24. The method of claim 22, wherein the stabilizers form a metal-to-metal coupling with the surface when extended.
25. The method of claim 22, wherein said mounting of said articulator to said vehicle comprises mounting said articulator to a platform that is movable relative to said vehicle.
26. The method of claim 25, wherein said platform is movable in a translational manner.
27. The method of claim 26, wherein said translational motion comprises a motion of said platform along a direction having a vertical component.
28. The method of claim 25, wherein said platform is movable in a rotational manner with respect to said body.
29. The method of claim 26, wherein said translational motion comprises a motion of said platform along a longitudinal direction defined by front and rear of said vehicle.
30. The method of claim 22, further comprising providing a securing assembly that secures said articulator at or near its distal end to reduce likelihood of damage to said articulator during motion of said vehicle.
31. The method of claim 22, further comprising providing an interlock system that inhibits or restricts operation of said articulator under one or more selected conditions.
32. The method of claim 31, wherein said interlock system disables movement of said vehicle when said articulator is in its deployed configuration.
33. The method of claim 31, wherein said interlock system allows only a limited movement of said articulator transitions between its deployed configuration and secured configuration.
34. The method of claim 33, wherein said limited movement comprises limited speed and direction of said movement to reduce the likelihood of damage to said articulator during transition between said deployed and secured configurations.
35. The method of claim 31, further comprising providing an override mechanism that allows overriding of at least one of inhibiting or restricting functionality of said interlock system.
Description
PRIORITY CLAIM

This application claims priority benefit of U.S. Provisional Patent Application No. 60/716,819 filed Sep. 13, 2005, titled “Vehicle Having an Articulator,” which is incorporated herein by reference in its entirety.

BACKGROUND

1. Field

The present disclosure generally relates to articulated arm coordinate measuring machines, and in particular, to systems and methods for mounting an articulated arm to a mobile platform.

2. Description of the Related Art

A typical coordinate measuring machine (CMM) has an articulating arm that allows positioning of a probe and/or a detector at different points in space. For example, probe can be positioned at various points on a surface of an object, and spatial positions of the probe (and thus the surface of the object) can be determined via the articulating arm's configuration. In another example, a detector on the articulating arm can be used to characterize surface features of an object by projecting and detecting a signal such as light.

Because articulating arms and the end attachments are precision instruments, they are preferably mounted to a substantially stable platform and operated in controlled environment, such that measurements thus obtained are precise. In many situations, this means that objects being measured need to be brought to the articulator/platform assembly. In some situations, however, moving the objects to the articulator may not be practical or desirable.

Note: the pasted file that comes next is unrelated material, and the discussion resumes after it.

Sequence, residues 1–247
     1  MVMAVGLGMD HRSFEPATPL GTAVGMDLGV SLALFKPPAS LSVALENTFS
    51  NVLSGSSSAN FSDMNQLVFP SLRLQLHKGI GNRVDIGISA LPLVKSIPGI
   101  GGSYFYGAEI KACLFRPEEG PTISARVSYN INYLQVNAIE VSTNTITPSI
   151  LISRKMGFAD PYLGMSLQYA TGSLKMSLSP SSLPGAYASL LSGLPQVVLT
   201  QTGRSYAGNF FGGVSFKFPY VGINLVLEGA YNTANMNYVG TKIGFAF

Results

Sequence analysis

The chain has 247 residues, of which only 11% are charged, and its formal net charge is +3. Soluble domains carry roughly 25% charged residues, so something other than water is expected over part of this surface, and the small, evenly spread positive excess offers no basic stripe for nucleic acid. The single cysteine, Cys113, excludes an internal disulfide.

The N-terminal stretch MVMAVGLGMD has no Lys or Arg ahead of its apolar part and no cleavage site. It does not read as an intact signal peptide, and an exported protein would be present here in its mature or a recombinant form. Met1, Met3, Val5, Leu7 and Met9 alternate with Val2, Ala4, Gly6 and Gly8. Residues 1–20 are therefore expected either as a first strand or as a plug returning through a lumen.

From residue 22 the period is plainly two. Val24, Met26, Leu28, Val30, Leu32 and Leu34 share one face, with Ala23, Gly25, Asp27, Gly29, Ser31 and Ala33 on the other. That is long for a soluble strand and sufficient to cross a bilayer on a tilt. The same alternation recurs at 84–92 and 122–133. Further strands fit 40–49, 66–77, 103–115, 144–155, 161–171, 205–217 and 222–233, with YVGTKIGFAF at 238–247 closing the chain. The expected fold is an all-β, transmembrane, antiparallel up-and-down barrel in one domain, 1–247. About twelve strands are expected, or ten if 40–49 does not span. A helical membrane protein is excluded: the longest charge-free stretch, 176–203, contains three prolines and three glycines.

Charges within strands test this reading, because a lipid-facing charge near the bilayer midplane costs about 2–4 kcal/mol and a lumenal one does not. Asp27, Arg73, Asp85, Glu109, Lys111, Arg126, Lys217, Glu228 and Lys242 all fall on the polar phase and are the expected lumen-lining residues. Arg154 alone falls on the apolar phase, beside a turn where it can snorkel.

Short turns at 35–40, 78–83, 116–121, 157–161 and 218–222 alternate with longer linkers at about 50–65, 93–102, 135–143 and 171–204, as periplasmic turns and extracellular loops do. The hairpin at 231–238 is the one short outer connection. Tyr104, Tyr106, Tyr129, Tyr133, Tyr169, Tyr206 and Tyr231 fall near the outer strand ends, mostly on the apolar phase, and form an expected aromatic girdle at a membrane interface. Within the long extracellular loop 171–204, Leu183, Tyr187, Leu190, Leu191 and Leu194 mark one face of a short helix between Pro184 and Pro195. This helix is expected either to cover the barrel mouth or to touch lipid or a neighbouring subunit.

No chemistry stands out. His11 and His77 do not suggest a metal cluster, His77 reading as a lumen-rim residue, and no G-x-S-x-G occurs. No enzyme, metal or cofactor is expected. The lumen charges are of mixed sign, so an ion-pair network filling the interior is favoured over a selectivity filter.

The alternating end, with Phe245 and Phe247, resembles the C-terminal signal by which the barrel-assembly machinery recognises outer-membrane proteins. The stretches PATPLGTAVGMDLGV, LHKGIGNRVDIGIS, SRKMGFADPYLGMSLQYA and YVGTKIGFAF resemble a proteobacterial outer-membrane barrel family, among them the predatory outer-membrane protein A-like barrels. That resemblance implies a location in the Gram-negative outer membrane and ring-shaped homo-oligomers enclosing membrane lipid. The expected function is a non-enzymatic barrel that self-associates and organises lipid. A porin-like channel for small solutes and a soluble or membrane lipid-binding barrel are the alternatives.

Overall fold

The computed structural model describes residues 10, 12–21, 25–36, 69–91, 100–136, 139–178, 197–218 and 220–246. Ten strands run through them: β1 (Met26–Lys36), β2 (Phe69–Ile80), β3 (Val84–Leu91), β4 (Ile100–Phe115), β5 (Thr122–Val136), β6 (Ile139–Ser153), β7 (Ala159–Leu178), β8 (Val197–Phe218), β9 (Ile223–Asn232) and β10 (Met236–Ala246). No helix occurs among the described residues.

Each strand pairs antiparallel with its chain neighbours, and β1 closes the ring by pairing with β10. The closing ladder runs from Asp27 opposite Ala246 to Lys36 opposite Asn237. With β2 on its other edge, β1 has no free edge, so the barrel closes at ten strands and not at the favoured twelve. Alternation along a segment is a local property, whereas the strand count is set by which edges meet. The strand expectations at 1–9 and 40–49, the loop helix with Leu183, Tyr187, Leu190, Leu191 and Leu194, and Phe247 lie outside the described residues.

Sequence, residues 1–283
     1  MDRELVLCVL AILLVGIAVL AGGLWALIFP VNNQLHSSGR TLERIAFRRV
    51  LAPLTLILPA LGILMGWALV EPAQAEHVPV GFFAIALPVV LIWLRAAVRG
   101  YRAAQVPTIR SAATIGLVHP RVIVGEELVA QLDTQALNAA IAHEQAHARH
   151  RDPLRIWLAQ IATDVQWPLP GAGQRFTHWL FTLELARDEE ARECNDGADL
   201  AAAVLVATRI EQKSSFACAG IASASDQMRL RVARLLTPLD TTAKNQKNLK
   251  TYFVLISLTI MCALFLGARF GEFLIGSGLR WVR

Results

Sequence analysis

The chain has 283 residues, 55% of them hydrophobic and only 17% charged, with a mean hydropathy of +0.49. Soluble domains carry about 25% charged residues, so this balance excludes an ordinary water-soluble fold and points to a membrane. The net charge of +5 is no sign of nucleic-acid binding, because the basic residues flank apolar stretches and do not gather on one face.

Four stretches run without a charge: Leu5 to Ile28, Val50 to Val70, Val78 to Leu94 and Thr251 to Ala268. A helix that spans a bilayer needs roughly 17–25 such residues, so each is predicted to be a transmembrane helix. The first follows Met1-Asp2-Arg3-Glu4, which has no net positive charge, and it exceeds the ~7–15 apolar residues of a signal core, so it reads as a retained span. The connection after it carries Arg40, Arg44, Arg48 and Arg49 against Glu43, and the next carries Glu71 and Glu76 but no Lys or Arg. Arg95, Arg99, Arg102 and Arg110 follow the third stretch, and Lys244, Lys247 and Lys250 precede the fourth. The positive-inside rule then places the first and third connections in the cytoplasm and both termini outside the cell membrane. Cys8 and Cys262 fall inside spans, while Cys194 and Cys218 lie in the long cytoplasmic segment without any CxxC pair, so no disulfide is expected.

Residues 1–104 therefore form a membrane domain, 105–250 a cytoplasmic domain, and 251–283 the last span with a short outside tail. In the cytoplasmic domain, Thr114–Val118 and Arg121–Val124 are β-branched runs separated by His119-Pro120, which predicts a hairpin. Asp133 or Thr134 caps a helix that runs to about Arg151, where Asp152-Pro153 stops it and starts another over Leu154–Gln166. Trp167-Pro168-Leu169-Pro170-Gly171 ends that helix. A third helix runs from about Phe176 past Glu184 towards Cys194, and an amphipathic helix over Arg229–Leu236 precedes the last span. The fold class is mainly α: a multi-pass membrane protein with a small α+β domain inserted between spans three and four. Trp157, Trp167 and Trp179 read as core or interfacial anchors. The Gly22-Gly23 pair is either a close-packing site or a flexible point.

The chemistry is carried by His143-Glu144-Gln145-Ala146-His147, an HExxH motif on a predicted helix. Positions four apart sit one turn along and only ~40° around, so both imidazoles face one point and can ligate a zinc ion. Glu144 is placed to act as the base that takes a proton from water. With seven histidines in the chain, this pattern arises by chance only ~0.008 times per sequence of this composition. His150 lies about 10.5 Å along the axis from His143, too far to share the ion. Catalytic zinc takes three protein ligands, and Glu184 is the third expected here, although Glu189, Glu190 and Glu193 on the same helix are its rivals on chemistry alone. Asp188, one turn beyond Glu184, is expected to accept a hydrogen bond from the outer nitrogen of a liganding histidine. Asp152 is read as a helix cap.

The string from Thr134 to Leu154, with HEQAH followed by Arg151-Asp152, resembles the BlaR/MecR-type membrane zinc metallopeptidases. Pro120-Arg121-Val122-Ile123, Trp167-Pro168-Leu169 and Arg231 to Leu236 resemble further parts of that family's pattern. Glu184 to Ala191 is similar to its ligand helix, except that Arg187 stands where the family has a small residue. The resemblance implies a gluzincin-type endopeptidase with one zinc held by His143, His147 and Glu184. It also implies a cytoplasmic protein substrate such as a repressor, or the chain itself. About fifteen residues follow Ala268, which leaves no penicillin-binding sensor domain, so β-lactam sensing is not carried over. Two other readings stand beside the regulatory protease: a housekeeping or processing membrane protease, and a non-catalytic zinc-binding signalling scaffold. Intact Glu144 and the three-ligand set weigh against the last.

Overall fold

SUMMARY

At least some of the foregoing needs can be addressed by systems and methods for a vehicle mounted articulator. A vehicle conveniently allows an articulator to be moved to various remote work sites. In one embodiment, the articulator can be mounted on a movable base, thereby increasing the flexibility of use and/or reach of the articulator. Such vehicle-mounted articulators can be subjected to various potentially damaging situations due to motion of the vehicle. Various features that allow safe operation of the vehicle and the articulator are disclosed.

One embodiment of the present disclosure relates to a vehicle that includes a movement mechanism configured to facilitate movement of the vehicle. The vehicle further includes a body coupled to the movement mechanism. The vehicle further includes an articulator mounted to the body so as to allow operation of the articulator from the vehicle.

In one embodiment, the vehicle further includes a substantially self-contained drive system that allows a human operator to drive the vehicle to different locations. In one embodiment, the drive system includes an electrical motor that is powered by one or more on-board batteries. In one embodiment, the one or more on-board batteries also power operation of the articulator.

In one embodiment, the vehicle includes a plurality of wheels to facilitate the movement, with at least one of the plurality of wheels being steerable by the operator.

In one embodiment, the vehicle further includes a plurality of retractable stabilizers, with each capable of being in retracted and deployed positions. The stabilizers are in retracted positions when the vehicle is moving, and in deployed positions when the vehicle is stationary for operation of the articulator.

In one embodiment, the articulator is coupled to the body via a platform, with the articulator being mounted to the platform and the platform being coupled to the body. In one embodiment, the vehicle further includes a platform movement mechanism configured to allow movement of the platform with respect to the frame to increase the range of motion of the articulator during its operation.

In one embodiment, the platform is movable in a translational manner. In one embodiment, the platform movement mechanism includes a mounting plate coupled to one or more rails that provide guidance for a substantially linear motion of the mounting plate relative to the frame. The mounting plate is configured to allow mounting of the articulator thereon. In one embodiment, the translational motion includes a motion of the platform along a longitudinal direction defined by front and rear of the vehicle. In one embodiment, the translational motion includes a motion of the platform along a direction having a vertical component.

In one embodiment, the platform is movable in a rotational manner with respect to the frame.